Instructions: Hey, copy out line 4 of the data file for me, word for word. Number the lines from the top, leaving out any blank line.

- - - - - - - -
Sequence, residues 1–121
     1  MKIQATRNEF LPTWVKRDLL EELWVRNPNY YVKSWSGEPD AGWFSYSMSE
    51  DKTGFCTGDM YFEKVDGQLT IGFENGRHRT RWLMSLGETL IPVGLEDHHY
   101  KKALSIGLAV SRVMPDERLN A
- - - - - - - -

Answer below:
   101  KKALSIGLAV SRVMPDERLN A